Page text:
This summer I worked on a linguistics project that explored the various cues people use to differentiate between pitch. We looked at this from two angles: a person’s native language and his/her musical ability. We wanted to see if natively speaking tonal languages—Chinese and Yoruba, specifically— meant that those speakers had different ways of looking at pitch than native speakers of non-tonal languages, like English, did. We also wanted to see if the skills that are associated with musical ability, like discerning rhythms and melodies, aligned with certain cues used to differentiate between pitch. To test this, we gave participants a variety of tasks related to pitch and musicality, the results of which we later analyzed.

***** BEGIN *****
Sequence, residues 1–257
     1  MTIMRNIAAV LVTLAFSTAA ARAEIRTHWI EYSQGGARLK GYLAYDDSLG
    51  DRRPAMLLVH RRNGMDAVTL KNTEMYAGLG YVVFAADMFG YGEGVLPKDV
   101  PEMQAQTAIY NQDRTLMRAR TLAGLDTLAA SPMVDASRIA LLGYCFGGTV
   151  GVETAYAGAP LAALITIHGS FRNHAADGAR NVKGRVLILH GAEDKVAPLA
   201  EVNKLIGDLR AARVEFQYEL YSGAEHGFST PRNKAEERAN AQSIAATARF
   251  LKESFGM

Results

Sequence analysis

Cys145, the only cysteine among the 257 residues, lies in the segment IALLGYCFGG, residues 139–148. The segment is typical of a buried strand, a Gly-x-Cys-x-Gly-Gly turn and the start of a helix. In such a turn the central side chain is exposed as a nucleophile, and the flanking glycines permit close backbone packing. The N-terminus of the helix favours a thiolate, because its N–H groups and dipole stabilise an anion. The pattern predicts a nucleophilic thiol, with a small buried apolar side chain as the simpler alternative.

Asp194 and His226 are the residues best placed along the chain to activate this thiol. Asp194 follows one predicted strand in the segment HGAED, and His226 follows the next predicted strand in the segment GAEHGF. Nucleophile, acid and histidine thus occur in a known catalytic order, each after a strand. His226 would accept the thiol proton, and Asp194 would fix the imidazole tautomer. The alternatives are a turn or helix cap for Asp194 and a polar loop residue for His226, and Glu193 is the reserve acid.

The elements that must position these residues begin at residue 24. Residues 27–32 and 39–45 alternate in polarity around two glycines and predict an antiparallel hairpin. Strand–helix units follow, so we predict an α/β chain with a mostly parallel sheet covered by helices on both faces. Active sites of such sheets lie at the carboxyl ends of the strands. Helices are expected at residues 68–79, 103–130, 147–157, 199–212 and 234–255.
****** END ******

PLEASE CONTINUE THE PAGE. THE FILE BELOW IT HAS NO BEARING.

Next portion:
There were many things, directly related to linguistics and otherwise, that I learned while working on this project. One of the first things I learned was how to use several linguistics-related computer programs. These were necessary for having participants do the study and for analyzing the results of the tasks they completed. Learning these programs was valuable because it opened me up to some of the skills I’ll need for a career in linguistics. Also, through this project, I learned more about linguistics in general. Before, I had only taken basic classes in the subject, so working on this project helped me develop a deeper understanding of subfields within linguistics. Interestingly, the project was in a subfield I had found confusing in class discussion, so my work this summer also helped to clarify things I had previously learned. Additionally, this project gave me a greater patience for working with others. Recruiting people to participate and explaining the tasks’ instructions made me see that, though I was working in a scientific field, my work would not be only formulaic and data-driven. I learned that much of my work also involved interacting with participants and accommodating their needs, whether that be a more detailed explanation or repeated rescheduling.